Videos used by schools question minimum wage, climate change

The federal judge's message to an assembly of social studies students at a Virginia high school seemed straightforward: Courts too often meddle in the affairs of private commerce.

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The senior appellate judge, Douglas Ginsburg, was talking about the Constitution, telling students how the courts got it wrong by ruling that the commerce clause gave the federal government authority to regulate the cats that roam author Ernest Hemingway’s former home in Key West.

“The Framers didn’t design an almighty federal government that could reach down right into your backyard,” the conservative judge said on a video shown during the presentation.

Ginsburg’s appearance at Justice High School was a collaborative project between Fairfax County Public Schools and a group called Izzit.org, which provides educational materials and videos to students across the country.

Izzit's materials have a decidedly libertarian outlook, though that’s not always immediately apparent to the teachers who download their free content. A video that questions the rationale for minimum wage laws is under math, for example.

Another video, called “Unstoppable Solar Cycles,” downplays man’s role in climate change. The video comes with a quiz in which the correct answer is that man “plays a small part in global warming.”

Another, called “I am Human,” questions “America's historical obsession with race” with criticism of former President Barack Obama for choosing to identify as African American rather than biracial.

Fairfax County schools, on the outskirts of Washington, D.C., defended its collaboration with Izzit.

“Izzit is an educational nonprofit that specializes in creating free, standards-aligned content for educators that fosters critical thinking and respectful debate,” the school system said in a statement.

Critics, though, say Izzit extols a right-wing ideological perspective.

Samantha Parsons, who works for UnKoch My Campus, said Izzit’s work fits with the agenda of the Charles Koch Foundation, which has given hundreds of millions of dollars to colleges in recent years to bolster what Parsons and others have said is an effort to promote right-wing ideology on campuses.

She said Izzit, like the Kochs, uses words like “liberty” and “freedom” to mask its right-wing agenda.

“It’s Koch-speak,” Parsons said of the buzzwords for policies like deregulation, tax cuts and free market supremacy.

Izzit President and Chief Executive Rob Chatfield said Izzit advocates a distinct philosophical perspective. He was reluctant to categorize it as conservative or even libertarian, because he said those terms carry a political connotation that Izzit has no interest in promoting.

“It’s that people who are free tend to be happier, wealthier,” he said. “If that’s the underlying theme that students pick up on, we’ve done our job.”

Tax records show the Koch Foundation gave $83,000 in 2016 and 2017 to Izzit’s parent company, the Erie, Pennsylvania-based Free to Choose Network, according to tax documents,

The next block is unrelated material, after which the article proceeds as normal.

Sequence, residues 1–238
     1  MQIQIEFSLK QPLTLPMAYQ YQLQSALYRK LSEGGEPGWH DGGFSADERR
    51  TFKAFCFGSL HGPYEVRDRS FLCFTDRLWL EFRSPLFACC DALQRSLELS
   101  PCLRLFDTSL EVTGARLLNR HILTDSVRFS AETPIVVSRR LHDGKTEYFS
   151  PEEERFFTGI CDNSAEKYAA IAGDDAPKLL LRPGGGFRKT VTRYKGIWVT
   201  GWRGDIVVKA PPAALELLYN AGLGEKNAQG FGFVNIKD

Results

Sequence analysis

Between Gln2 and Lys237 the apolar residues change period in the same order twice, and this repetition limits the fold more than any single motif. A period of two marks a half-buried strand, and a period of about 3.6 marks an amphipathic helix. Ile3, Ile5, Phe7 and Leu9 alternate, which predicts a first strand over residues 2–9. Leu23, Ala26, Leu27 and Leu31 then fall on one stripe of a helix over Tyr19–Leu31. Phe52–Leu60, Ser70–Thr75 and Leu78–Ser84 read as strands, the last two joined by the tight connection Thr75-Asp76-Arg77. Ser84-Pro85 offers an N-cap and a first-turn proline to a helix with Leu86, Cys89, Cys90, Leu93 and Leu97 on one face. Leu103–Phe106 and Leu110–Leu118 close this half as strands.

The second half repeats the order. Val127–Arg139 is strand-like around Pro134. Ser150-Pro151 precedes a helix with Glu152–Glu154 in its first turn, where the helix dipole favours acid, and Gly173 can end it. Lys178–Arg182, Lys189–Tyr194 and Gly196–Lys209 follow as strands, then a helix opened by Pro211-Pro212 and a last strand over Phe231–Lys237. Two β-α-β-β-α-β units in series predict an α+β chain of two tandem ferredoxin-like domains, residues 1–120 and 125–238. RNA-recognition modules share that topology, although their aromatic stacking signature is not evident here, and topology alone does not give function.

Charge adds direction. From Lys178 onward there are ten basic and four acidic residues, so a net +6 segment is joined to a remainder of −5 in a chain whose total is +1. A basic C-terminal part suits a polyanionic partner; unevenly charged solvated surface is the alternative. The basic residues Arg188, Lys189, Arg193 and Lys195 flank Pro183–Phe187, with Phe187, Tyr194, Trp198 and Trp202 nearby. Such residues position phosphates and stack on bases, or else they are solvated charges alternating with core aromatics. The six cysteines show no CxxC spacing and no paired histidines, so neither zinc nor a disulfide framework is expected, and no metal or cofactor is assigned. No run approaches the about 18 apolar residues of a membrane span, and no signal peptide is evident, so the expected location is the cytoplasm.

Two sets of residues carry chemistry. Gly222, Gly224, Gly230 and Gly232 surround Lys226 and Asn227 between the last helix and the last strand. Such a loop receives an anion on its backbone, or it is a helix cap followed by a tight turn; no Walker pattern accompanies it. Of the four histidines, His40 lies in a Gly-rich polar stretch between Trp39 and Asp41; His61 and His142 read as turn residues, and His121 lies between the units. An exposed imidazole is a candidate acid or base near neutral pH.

Chatfield, though, said Izzit itself has never received direct funding from the Koch network and primarily gets its funding from “self-made entrepreneurs.”

Izzit, founded in 2006, says its goal is to “help educators teach the next generation about the ideas, institutions, and benefits of a free society.” More than 300,000 teachers — most in public schools — across the country use its materials, Chatfield said.

The teacher who coordinated the Virginia school's participation in the project, Eric Welch, said in an email that “there was nothing, absolutely nothing that Judge Ginsburg brought up that was controversial or politically motivated,” according to documents obtained under the state's Freedom of Information Act.

Bias, though, is in the eye of the beholder, said India Meissel, a history teacher in Suffolk, Virginia, and past president of the National Council on Social Studies. She said some teachers might use Izzit material and see a need to balance it out with a different perspective. Others might see it as right down the middle and and ready for use as is.

“A good teacher presents both sides,” she said, and lets students develop their critical thinking to make up their own minds.

Rachel Colsman, a teacher at Durango High School in Colorado, said there are precious few supplemental resources, particularly free ones, to provide content for social studies teachers.

She said she does not perceive an ideological skew in Izzit's materials and thinks it does a good job of engaging students and prompting them to think critically, even if they don't agree with the perspectives. She cited the “I am Human” video as one in particular that “raised some hackles,” but she said that's OK.

“Teaching students how to have a reasonable dialogue without getting offended is such a lost art," Colsman said.

Chatfield said he's proud of the “I am Human” video because it takes on a controversial topic that often gets overlooked. He acknowledged that the criticism of Obama's personal choices on racial identification, which comes from one of the people interviewed in the video, goes farther than he would. He said what's important is not the opinion itself but the opportunity to spark a conversation.

Chatfield offered only a minimal defense of “Unstoppable Solar Cycles,” saying the video is old and was put out in response to the notion that man-made climate change is settled science.

“If anyone says that something is settled, I want to question that,” he said.